Lawmakers in the Garden State have introduced a bill that would stop New Jersey's Motor Vehicles Commission from providing license-plate numbers or other identifying information to another state or an interstate information network for the purpose of doling out a fine.
"I've been getting loads of complaints from people," state senator Nick Sacco told The Star-Ledger, the state's largest newspaper. "They drive to Virginia to visit relatives. They go through Maryland. They come back home and start receiving tickets in the mail. And they swear that they're not speeding; that they're keeping up with the traffic."
Introduced in the state assembly last month and in the state senate last week, the bill targets any speed-control devices that utilize cameras and vehicle sensors, and are capable of automatically producing a recorded image of an alleged violation. It has a measure of bipartisan support: Republican Declan O'Scanlon sponsored the bill in the assembly, while Sacco and another Democrat sponsored the bill in the senate.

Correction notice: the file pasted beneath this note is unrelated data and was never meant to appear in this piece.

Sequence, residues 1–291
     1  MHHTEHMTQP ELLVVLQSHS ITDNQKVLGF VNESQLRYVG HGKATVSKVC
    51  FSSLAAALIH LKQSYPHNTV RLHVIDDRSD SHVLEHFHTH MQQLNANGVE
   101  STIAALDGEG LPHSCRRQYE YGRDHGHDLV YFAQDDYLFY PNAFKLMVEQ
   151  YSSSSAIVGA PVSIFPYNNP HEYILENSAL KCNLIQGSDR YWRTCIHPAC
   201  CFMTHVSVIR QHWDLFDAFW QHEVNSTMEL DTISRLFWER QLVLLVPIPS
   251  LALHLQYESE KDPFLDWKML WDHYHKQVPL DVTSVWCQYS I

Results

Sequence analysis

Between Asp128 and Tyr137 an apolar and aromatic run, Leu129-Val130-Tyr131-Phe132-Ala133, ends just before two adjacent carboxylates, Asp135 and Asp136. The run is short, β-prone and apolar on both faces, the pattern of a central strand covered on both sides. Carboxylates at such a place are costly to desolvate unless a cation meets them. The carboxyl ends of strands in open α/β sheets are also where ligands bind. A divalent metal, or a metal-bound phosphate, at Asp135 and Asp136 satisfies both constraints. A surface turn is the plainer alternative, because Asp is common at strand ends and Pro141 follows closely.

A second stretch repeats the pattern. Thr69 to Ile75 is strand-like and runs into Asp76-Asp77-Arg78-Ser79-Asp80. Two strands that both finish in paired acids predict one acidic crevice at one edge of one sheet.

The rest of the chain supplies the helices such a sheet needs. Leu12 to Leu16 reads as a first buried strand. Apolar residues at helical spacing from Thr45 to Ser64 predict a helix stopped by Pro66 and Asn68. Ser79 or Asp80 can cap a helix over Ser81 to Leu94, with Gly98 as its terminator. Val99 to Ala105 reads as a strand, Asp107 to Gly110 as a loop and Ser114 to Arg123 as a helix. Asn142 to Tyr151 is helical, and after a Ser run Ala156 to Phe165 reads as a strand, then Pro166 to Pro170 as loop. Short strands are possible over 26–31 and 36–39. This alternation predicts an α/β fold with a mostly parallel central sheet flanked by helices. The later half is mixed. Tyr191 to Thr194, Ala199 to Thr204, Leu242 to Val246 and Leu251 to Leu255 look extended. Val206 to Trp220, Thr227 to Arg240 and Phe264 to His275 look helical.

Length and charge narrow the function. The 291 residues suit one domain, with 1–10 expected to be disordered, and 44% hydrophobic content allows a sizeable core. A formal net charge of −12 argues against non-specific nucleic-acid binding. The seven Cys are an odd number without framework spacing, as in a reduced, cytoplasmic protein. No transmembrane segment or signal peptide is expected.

One of the main criticism of the speed and red-light cameras is they penalize the registered owner of the vehicle, not necessarily the driver of the vehicle. When weeks pass by before owners even know they have been been implicated by a camera, that's a problem.
"How are you going to defend yourself against that," asks Steve Carrellas, the head of the New Jersey chapter of the National Motorists Association, which has applauded the state's proposed legislation. "In the old-fashioned way, a police officer looks at your license and you at least have a chance to have some explanation or you have the opportunity to talk and the officer can use the appropriate discretion."
Traffic Cameras Becoming A Widespread Headache
The bill comes at a time of increased scrutiny for automated traffic-control devices. Last month, the Chicago Tribune revealed there were sudden and unexplained surges in the number of traffic tickets doled out by red-light cameras in the city. Violations would spike for a number of days then "abruptly dropped back to their previous levels."